ProjectFunctional traits of willows in phytoremediation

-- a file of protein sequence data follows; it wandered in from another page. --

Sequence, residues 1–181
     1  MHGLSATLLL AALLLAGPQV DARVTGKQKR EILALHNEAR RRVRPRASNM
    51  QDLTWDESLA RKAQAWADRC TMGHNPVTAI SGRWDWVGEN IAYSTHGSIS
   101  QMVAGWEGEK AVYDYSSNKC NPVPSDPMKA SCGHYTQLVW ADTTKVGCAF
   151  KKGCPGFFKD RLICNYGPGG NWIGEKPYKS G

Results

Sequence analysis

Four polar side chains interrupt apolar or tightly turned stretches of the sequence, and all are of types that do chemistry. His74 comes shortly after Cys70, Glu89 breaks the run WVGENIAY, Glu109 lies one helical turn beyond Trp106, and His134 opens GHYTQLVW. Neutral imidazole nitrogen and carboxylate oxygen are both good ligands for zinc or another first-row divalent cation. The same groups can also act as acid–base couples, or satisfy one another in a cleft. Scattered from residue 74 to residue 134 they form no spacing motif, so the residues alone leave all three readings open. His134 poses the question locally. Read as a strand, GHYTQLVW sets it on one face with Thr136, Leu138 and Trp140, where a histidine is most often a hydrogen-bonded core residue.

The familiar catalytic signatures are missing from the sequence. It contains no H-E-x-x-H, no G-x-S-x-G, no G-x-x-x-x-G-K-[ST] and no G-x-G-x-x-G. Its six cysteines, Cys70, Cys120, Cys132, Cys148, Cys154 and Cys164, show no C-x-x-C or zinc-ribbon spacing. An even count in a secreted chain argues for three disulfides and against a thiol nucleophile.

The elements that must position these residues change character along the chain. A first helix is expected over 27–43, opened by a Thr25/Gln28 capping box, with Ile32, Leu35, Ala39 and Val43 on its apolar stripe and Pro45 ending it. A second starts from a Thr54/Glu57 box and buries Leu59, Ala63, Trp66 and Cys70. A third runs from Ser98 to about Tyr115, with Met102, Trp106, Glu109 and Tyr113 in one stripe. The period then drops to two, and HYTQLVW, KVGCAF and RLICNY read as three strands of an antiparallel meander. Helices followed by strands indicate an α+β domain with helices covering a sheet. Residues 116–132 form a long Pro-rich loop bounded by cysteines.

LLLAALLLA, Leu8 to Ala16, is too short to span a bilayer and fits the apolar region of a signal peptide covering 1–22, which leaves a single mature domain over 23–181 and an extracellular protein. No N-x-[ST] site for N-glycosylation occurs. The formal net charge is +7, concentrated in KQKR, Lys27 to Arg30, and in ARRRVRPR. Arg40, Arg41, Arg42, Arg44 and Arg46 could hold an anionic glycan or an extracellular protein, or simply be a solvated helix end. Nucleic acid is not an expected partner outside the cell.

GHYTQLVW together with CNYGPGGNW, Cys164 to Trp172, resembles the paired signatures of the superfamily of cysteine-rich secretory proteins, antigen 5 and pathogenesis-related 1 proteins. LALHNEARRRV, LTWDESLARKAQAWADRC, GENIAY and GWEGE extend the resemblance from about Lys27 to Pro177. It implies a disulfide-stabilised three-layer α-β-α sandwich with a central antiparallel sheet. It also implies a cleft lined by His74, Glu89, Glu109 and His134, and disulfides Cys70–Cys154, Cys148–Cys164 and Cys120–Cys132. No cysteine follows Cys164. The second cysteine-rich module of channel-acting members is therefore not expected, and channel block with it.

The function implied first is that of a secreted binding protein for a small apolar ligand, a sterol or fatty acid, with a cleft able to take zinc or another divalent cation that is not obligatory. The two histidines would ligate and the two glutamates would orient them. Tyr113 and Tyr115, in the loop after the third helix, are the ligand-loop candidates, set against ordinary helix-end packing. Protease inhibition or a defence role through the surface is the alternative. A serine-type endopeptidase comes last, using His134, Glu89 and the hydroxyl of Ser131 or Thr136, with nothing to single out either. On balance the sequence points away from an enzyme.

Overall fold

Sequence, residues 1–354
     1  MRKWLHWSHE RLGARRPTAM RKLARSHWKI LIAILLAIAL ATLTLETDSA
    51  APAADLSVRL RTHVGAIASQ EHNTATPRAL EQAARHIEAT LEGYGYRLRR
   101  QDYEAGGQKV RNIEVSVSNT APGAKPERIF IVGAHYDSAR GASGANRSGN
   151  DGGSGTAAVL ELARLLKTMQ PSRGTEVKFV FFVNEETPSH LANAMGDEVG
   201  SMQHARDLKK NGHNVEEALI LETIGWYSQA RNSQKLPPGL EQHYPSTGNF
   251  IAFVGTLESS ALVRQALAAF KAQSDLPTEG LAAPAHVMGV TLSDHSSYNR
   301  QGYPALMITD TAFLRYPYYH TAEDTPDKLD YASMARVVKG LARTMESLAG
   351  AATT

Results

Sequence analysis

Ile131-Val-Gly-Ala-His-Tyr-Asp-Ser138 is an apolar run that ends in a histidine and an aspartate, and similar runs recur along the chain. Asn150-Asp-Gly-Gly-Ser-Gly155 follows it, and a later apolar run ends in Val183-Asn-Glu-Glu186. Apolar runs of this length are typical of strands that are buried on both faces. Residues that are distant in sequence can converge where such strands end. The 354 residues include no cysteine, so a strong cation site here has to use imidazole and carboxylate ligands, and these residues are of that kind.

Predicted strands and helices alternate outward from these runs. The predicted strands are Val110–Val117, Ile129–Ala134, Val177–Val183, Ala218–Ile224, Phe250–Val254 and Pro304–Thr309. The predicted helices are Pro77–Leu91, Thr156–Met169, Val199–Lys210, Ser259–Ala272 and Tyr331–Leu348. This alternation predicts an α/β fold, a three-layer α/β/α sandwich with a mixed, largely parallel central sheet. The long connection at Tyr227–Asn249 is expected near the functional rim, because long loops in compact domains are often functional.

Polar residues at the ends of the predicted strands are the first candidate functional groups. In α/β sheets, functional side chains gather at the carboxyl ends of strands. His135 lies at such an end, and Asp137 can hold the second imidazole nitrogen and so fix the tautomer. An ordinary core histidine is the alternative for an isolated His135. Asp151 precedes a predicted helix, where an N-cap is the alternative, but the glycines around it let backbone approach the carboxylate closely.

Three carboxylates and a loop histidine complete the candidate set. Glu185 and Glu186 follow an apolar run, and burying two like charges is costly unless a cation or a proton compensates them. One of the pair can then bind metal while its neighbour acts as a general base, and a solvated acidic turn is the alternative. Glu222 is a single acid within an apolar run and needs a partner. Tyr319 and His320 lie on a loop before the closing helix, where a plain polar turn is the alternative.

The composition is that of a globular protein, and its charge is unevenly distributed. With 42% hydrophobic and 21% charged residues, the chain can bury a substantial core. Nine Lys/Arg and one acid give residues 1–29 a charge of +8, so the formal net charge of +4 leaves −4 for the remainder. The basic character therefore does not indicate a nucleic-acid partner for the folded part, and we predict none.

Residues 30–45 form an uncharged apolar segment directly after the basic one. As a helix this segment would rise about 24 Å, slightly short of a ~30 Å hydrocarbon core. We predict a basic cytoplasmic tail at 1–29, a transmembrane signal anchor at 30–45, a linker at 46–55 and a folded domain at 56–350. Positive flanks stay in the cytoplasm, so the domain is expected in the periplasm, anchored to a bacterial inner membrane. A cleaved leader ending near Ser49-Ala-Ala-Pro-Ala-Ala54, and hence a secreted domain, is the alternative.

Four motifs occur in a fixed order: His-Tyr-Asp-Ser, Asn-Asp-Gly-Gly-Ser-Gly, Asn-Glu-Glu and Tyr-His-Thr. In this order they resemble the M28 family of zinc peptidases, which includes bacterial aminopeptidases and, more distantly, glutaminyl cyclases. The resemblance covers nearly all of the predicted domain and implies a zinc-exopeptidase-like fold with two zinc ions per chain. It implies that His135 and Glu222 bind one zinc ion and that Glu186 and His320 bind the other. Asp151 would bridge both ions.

Faced with more than 30 000 contaminated sites in Canada, phytoremediation represents an economic and ecological technique, using plants’ capacities and microorganisms to decontaminate soils. However, one of the main challenges in phytoremediation remains to identify the best candidates to perform key remediation services (e.i. soil decontamination, metal accumulation in aboveground tissues, etc). The selection of species in phytoremediation often requires preliminary screening and field experiments, which are long, expensive and non-generalizable processes. To improve plant selection, we aim to develop a framework to predict phytoremediation services of many plant species based on their functional traits. Indeed, functional ecology approaches base on functional traits can predict other ecosystem services, such as litter decomposition or carbon sequestration. In the phytoremediation context, we aim to correlated traits to decontamination services. To do so, we explore those correlations with willows planted on contaminated soil. The first experiment on an industrial site investigated the impact of two treatments on traits and decontamination services, (1) willow diversity and (2) coppicing. The second experiment in a control-environment looked at willows traits and services when planted in a mixture of two or three species. This experiment aims to predict decontamination services of willows mixtures with the mean traits of every species present in the mixture.